America’s deadliest mass shooting took place at the Mandalay Bay resort in Las Vegas, Nevada on October 1, 2017.
Days later, witnesses began giving statements on the event, many recalling several veterans who sprang into action only seconds after the chaos ensued. Stories of former service members putting themselves between civilians and the shooter, driving around the grounds collecting people and treating the severely wounded rose to the national spotlight. That tragic night is the latest example of our veterans continually contributing to our country through a quick-thinking, goal-oriented mindset. However, what happens when a veteran’s mind becomes clouded with thoughts of suicide due to experiences during their service? How can people serve those who serve their country?
According to recently released statistics by the Department of Veterans Affairs, suicide was the tenth leading cause of death in the United States in 2014. As of 2017, an average of 20 veterans take their lives daily.
A deeper dive into the research gives us further insight into how so many service members consider suicide. A study from the Journal of the American Medical Association revealed that suicide contagion is a highly influential factor in military life. Service members who experienced suicide attempts by fellow veterans in their units were more likely to attempt it themselves, triggering a domino effect and establishing the unit as a “suicidal unit.” Another statistic provided by the Rand Corporation show that less than half of therapists were able to see their active-duty patients weekly.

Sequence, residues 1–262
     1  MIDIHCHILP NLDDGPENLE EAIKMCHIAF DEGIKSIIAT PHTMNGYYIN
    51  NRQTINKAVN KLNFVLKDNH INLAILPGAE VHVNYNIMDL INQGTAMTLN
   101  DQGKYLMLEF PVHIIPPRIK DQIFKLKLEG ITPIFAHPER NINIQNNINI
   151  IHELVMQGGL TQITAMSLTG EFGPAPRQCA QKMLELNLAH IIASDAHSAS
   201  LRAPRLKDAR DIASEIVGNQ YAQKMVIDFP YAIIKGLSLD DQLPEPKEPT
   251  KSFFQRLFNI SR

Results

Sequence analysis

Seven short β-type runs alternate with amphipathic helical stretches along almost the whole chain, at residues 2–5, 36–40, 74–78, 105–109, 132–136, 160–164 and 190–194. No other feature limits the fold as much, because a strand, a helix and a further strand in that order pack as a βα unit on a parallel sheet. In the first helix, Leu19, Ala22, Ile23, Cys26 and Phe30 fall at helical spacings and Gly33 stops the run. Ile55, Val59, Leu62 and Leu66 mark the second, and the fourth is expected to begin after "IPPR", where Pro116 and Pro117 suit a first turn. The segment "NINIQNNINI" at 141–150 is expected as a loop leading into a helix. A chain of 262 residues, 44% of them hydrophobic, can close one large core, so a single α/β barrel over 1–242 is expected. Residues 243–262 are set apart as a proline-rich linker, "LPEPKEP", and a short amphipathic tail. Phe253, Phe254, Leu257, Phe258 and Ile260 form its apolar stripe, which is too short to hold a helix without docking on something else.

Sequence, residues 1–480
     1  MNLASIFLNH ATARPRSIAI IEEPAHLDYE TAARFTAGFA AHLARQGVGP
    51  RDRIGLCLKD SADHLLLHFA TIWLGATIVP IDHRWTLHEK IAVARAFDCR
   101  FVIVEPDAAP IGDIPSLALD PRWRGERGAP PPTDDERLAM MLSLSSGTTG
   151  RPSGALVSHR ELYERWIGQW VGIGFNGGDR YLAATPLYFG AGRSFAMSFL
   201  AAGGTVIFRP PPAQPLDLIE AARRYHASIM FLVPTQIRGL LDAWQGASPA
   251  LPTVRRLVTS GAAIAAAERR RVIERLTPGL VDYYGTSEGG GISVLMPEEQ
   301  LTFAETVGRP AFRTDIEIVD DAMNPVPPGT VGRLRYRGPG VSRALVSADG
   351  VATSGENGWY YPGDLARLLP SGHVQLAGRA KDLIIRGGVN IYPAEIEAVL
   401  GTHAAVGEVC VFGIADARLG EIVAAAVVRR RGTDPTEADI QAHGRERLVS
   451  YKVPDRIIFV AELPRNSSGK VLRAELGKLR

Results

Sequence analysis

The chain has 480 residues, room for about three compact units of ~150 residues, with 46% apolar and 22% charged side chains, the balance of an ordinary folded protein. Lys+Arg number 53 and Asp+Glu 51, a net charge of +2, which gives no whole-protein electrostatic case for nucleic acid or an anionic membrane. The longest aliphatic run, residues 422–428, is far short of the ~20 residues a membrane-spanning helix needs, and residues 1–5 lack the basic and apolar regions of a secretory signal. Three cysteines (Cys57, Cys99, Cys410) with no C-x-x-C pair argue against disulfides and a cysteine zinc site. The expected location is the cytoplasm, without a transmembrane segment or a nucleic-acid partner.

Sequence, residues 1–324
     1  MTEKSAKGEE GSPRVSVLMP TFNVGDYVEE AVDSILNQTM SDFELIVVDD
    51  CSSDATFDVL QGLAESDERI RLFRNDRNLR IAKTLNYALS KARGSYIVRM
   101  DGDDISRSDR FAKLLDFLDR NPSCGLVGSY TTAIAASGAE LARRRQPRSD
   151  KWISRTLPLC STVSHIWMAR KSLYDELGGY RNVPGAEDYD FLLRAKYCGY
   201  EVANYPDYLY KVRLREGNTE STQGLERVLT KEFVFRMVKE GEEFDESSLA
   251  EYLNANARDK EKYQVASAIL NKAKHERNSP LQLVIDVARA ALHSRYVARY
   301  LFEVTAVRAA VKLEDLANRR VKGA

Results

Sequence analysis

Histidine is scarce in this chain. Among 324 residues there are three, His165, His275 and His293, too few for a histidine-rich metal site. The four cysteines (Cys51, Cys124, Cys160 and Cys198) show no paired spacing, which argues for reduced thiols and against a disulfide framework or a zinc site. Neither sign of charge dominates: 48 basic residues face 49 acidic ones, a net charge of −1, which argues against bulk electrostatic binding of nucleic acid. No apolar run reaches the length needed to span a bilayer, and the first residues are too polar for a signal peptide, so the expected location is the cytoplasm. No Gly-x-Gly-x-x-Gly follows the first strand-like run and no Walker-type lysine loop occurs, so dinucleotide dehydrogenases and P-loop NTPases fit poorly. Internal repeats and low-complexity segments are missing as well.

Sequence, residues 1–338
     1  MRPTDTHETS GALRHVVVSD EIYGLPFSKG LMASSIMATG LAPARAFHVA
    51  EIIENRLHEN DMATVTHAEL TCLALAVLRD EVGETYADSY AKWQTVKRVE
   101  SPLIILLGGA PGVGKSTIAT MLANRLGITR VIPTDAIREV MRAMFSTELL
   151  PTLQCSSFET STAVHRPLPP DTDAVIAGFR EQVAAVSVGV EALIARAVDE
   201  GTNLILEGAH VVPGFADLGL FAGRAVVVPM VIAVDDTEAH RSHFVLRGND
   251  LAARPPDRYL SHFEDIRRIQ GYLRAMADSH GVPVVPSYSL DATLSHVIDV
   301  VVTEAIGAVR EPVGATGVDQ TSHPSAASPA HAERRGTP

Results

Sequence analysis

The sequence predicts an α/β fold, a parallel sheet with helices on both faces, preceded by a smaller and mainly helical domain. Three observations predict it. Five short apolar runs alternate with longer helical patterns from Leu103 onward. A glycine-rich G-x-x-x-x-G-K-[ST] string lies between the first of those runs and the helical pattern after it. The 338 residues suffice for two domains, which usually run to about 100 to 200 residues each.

Plan of attack
VA Secretary David Shulkin has launched innovative initiatives to combat suicide. VA facilities began offering mental health services to veterans with other-than-honorable discharges in July and have established a new crisis line center in Topeka, Kansas, with over 100 employees on staff.
American Veterans (AMVETS) is a chartered, non-profit veteran service organization that has collaborated with the VA on several health and wellness campaigns on behalf of active-duty and retired veterans. From interactive social media conversations to visiting medical centers nationwide, AMVETS and the VA continually share an obsession with suicide awareness and prevention.
Unfortunately, of the average 20 veterans who take their lives daily, 14 do not seek help from a VA Medical Center or Vet Center, and it is not certain whether they reached out to any professional mental health program at all. This brings to light an essential component in the effort to increase suicide prevention; It is not enough to provide the resources. We need be proactive and reach out first, instead of waiting for those troubled by suicidal thoughts to come to us.
Countless veterans will spend the upcoming holiday season alone, with little to no family or friends within a reasonable distance. AMVETS calls on civilians to “be there.” Call a veteran, reach out and engage in conversation daily, and thank them for their service.
Miles Migliara, Social Media and National Publications Editor, AMVETS, [email protected]